Consolidating my little date commands

This morning, I was composing a nice email to a client, and I needed to know how many days it had been since September 23 of last year: This invoice is 137 days old. When the fuck are you going to pay it? I used my ago script, which worked fine, except I needed to switch from Mail to Terminal to run it. It got me thinking Why the fuck haven’t I turned this into a macro I can call from within any app? Apparently, I had a couple of fucks to give this morning.

After a little thought, I realized that a Keyboard Maestro macro with the right kind of user input prompt could incorporate all of my little date commands and would be faster and easier to use than any of them.

My three little date commands are since (previously named ago), til, and between. since takes one argument, a date in the past, and returns the number of days from that date to today. til also takes one argument, a date in the future, and returns the number of days from today to that date.1 between takes two date arguments and returns the number of days between them.

My new Keyboard Maestro macro, Days Between, uses the logic of between, but its interface is set up so I only have to enter one date if I want to use it like since or til, which are the commands I use most often.

Here’s how it works. I invoke the Days Between macro with ⌃⌘D to bring up this window.

Days Between input window

Days Between needs two dates, but by prefilling both the starting and ending date fields with today’s date, I only have to enter one of those dates if I’m doing a since or til calculation. This is a very simple solution to the problem of making a single macro that handles all three cases with the least amount of effort for the user. Why I didn’t think of it years ago is a mystery.

After entering a date, say September 23, 2022, for the start date, and pressing the Return key,2 the input window vanishes and the output appears in a notification window in the upper right corner of the screen.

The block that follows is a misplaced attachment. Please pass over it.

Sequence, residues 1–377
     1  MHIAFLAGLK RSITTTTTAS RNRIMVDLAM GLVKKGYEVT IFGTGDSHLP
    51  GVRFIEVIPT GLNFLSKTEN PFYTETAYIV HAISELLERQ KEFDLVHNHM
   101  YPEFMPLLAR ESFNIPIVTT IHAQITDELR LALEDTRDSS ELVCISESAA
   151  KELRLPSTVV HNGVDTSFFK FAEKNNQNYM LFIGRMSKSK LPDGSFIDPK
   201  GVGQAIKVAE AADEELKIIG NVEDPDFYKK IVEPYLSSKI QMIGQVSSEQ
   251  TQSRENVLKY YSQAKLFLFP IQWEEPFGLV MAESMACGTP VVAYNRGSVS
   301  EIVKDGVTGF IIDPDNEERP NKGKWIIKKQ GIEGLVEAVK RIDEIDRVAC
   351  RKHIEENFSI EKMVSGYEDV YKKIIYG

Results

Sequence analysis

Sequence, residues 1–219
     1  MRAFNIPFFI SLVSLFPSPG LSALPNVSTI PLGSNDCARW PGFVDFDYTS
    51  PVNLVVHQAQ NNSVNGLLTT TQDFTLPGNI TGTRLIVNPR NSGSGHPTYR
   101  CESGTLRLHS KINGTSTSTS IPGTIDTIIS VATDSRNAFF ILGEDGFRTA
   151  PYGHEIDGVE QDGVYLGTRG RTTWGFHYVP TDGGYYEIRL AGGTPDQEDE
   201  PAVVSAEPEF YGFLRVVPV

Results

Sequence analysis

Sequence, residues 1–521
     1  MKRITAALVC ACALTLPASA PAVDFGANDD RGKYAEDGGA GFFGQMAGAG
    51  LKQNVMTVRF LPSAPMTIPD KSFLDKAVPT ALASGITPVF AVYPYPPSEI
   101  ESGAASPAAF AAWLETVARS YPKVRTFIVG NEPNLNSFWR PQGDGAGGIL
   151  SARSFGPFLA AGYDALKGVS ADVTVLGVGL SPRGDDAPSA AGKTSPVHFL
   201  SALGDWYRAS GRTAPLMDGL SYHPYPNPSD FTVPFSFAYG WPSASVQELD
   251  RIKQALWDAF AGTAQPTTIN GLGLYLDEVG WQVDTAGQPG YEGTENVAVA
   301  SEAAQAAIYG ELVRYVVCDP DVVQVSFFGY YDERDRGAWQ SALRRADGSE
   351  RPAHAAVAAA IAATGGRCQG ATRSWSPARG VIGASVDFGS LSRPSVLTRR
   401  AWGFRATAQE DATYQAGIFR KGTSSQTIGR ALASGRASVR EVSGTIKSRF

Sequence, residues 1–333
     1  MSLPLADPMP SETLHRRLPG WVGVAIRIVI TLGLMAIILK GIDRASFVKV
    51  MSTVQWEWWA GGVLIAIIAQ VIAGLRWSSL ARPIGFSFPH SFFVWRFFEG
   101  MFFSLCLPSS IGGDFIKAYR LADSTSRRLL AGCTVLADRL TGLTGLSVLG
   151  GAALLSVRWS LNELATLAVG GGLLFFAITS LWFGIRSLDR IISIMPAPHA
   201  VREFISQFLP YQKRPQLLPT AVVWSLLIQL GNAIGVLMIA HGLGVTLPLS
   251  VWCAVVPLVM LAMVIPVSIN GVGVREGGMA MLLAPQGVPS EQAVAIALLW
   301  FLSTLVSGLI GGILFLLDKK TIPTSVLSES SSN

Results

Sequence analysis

Days Between output window

The notification window disappears after a few seconds.

Sometimes I want to just want to see the answer, sometimes I want the answer on the clipboard so I can paste it somewhere. Hence the Copy Answer to Clipboard checkbox, which I can check quickly via the tab and spacebar keys. At present, the checkbox is unchecked by default; I’ll change that if I find myself checking it most of the time.

This is discussed in my earlier post, but it’s worth a mention here, too. Days Between uses Python’s dateutil library to parse the input dates. There’s a fair amount of flexibility in dateutil’s parse command. It will handle both hyphens and slashes as separators, it can be configured to handle either month-first or day-first dates, it understands (within some limits) two-digit years, and you don’t need to include the year at all if it’s the current year.

Here’s what the Days Between macro looks like. It doesn’t take long to build, but you can also download it.

KM Days Between macro

The Python script that does the calculations is

 1:  #!/usr/bin/env python3
 3:  import os
 4:  from dateutil.parser import parse
 6:  day1 = parse(os.environ['KMVAR_Local_Start_Day'], dayfirst=False, yearfirst=False)
 7:  day2 = parse(os.environ['KMVAR_Local_End_Day'], dayfirst=False, yearfirst=False)
 9:  between = day2 - day1
10:  print(f'{abs(between.days)} days')

Since Apple no longer includes Python with macOS, you’ll have to install it yourself through the Xcode Command Line Tools, Homebrew, or some other means. Depending on how you install Python, you may also need to install dateutil. I’m currently using Python 3.8—any version after that should work. Finally, you may need to fiddle with the shebang line to get Keyboard Maestro to know where Python is installed on your computer. Or, better yet, learn how Keyboard Maestro’s ENV_PATH variable works.

I guess the moral of the story is to keep thinking about your automations, even those that have been working fine for years. There may be room for improvement.

  1. since and til are actually the same program saved under two different names. The name used to call the program determines the sign of the return value. since returns a postive value if the argument is before today and a negative value if the argument is after today. til does the opposite. 

  2. Or clicking the OK button, but I doubt I’ll ever use a mouse or trackpad when interacting with this macro.